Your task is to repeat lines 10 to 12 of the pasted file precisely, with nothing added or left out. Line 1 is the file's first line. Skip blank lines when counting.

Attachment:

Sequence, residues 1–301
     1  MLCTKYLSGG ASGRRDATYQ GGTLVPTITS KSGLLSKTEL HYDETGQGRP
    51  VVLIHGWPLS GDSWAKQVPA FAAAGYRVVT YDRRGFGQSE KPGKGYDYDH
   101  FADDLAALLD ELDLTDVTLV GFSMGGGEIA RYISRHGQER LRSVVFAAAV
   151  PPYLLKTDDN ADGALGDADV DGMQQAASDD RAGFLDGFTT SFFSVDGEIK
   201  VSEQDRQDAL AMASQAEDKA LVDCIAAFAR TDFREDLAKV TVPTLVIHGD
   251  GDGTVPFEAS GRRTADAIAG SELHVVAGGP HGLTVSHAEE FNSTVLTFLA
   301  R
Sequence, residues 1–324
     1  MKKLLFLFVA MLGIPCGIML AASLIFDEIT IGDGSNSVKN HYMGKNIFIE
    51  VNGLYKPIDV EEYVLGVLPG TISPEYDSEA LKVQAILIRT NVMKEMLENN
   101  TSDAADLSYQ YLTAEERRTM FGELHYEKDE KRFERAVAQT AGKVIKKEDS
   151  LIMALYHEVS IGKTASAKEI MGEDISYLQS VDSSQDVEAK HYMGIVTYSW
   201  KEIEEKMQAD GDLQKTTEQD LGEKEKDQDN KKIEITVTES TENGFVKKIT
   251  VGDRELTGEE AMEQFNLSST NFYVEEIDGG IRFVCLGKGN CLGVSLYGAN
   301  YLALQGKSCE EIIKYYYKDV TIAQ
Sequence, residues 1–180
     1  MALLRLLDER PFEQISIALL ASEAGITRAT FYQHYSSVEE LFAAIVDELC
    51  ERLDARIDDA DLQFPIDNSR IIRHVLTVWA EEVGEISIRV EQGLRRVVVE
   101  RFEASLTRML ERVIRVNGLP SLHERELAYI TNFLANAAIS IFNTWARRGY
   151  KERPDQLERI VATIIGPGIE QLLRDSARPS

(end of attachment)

     1  MKKLLFLFVA MLGIPCGIML AASLIFDEIT IGDGSNSVKN HYMGKNIFIE
    51  VNGLYKPIDV EEYVLGVLPG TISPEYDSEA LKVQAILIRT NVMKEMLENN
   101  TSDAADLSYQ YLTAEERRTM FGELHYEKDE KRFERAVAQT AGKVIKKEDS